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Obsession, Compulsion, Collection: On Objects, Display Culture, and Interpretation. By Anthony Kiendl, ed. (Toronto, The Banff Centre Press, 2004. Pp. 384, ISBN I-894773-05-5)

  • Julie M. A. LeBlanc

…plus d’informations

  • Julie M. A. LeBlanc
    Memorial University of Newfoundland

Corps de l’article

Distractions of the unspoken object. This is how editor and curator Anthony Kiendl describes the fascination for material culture and collecting, the subject matter for this compilation of essays by twenty-four contributors. These contributors, either curators, historians, artists, writers, teachers, critics, or film scholars have combined their insight and knowledge with visual images to illustrate the reasons why people collect objects and what we make of these collections in public forums.

The book’s format is visually and tangibly enticing; even as a paperback, its jacket is lined with bright neon pink and the glossy pages offer a delectable taste of the eclectic writing and material found in each essay. Though this book is “the fourth in a series … about curating and contemporary art” as written on the front inside jacket synopsis, it may be used by itself for the subject alone about collecting and why humans collect things. The book attempts to recreate the obsessive compulsion of collecting by displaying the amassed objects, art, and images within each text. The conclusion “Doodles” (371-376) is most befitting for this book’s finale. All that is written as far as a conclusion is concerned, is relevant to a selection of notes and sketches made by some participants of the “Obsession, Compulsion, Collection Symposium in May 2003 [and] artists who took part in the Banff Centre residency Big Rock Candy Mountain” (371). We are then shown these sketches and notes which may seem pell-mell as far as doodles are concerned, but we may read the significance related to the theme of why and what we collect and whether there are underlying purposes to our “obsessions” in collecting. One sketch particularly caught my attention as it was a cross between a Salvador Dalí, Picasso, and Clive Barker sketch with academic scribbles and a framed “Metadata” cleverly inserted to exemplify how in such a pot-pourri of tangible collections, the meanings of things and the things themselves become sub-categorical. These collections become data of data, or metadata. Though this sketch was the penultimate plate before the contributor biographies, it illustrates the book’s case: selective interpretations and the need to display collections. Does it matter that an object is no longer used for its functional purpose? It should not, because most museums that display objects carefully entomb them in glass cases so they no longer live out their initial purpose. Why then is it important for people to keep these objects when they seemingly have no more functional use and why dowe feel the need to display them? The attempts to answer these questions are found through each contributor’s interpretation. Such discussions are found in curator Melanie Townsend’s careful criticism of making meanings rather than collecting blindly (18-24), or Anthony Kiendl’s photo essay about “sentimental values” attached to objects (25-46), and Ngahuia Te Awekotuku’s ethnic relativism in the exotic display of the Maori ta moko, or tattoo art and body preservation (77-91). Aoife MacNamara’s cultural landscape essay on political representation in signs and murals of Derry, Ireland (169-192) also challenges concepts on the meaning of display, just as Sarah Cook’s “database art” essay challenges where data resides, whether in cyberspace or as a collection (330-345). Donald Goodes and Paul Litherland’s textual and photographic profile of an “installation artist” (359-370) provides a significant social outlook on how artists may communicate new meanings for things as they “creat[e] conceptual art, through the endless variety of materials and forms of contemporary art, which reflects their ideas, feelings, and concerns” (359).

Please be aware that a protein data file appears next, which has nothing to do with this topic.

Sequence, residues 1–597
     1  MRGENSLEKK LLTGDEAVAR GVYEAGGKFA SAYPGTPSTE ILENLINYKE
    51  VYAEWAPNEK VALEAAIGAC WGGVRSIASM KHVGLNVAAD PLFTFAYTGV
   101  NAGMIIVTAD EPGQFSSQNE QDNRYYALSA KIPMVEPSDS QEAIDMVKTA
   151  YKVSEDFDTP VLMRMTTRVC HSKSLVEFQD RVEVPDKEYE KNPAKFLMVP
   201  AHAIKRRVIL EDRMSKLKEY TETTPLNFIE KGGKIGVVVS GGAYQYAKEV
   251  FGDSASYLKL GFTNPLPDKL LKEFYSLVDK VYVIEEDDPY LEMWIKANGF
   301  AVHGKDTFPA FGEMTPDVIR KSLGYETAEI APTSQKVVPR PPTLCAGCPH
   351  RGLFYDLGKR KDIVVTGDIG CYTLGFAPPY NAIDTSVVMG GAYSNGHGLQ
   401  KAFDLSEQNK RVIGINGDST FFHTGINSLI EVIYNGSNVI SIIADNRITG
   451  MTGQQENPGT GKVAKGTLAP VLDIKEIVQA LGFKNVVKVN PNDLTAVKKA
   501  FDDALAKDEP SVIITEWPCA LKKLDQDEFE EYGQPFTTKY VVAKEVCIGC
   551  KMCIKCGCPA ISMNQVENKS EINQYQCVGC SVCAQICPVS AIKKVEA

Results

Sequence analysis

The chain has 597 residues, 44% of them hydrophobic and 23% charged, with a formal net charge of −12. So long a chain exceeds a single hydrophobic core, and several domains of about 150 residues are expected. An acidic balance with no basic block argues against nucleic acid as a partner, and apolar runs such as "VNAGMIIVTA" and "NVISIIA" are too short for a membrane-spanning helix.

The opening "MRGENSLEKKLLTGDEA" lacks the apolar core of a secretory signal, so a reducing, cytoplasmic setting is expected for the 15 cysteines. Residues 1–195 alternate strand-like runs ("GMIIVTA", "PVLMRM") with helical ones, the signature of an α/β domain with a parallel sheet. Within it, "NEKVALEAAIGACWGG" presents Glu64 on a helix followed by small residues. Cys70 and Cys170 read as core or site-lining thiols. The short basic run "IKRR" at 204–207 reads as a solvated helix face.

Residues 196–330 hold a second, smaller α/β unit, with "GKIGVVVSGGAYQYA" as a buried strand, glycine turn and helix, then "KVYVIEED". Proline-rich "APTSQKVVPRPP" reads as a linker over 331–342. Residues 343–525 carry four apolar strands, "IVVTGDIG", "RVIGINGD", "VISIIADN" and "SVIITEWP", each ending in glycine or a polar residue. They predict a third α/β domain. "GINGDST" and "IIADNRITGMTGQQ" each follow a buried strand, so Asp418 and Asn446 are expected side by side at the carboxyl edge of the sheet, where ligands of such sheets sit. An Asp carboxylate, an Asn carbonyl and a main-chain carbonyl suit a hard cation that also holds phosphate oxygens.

Could this book be of use to folklorists? The answer lies in how one would use “Obsession, Compulsion, Collection,” because some essays may offer supporting theories on curatorial concerns in object selection, historical interpretation, and the progressive ways to display in museums. Some theoretical perspectives are more transparent than others in the

way the essays try to make their point in answering the question “why people collect.” Overall, the reflections made by the various contributors are noteworthy for those studying material culture and how people communicate with each other through collections.

Some criticism, however, is left on editorial oversight. In compiling the contributors’ biographical notices, the author Ngahuia Te Awekotuku is altogether forgotten, therefore, the reader does not know that he is a museum curator and professor for the “Centre for Maori and Pacific Development Research” at the University of Waikato, New Zealand. No effort was made to compile a referential bibliography as an index for consultation. This leads the reader to review individual texts and endnotes that are, at times, incompletely referenced. Because this book is part of a series, perhaps a future referential publication will be needed. For now, the book is an accessible and interesting read. It leaves a conference proceedings impression that is much appreciated because it offers a perspective glance at what is being discussed at curatorial meetings such as the Banff International Curatorial Institute(BICI). This book is a welcome addition to contemporary material culture and interpretive studies.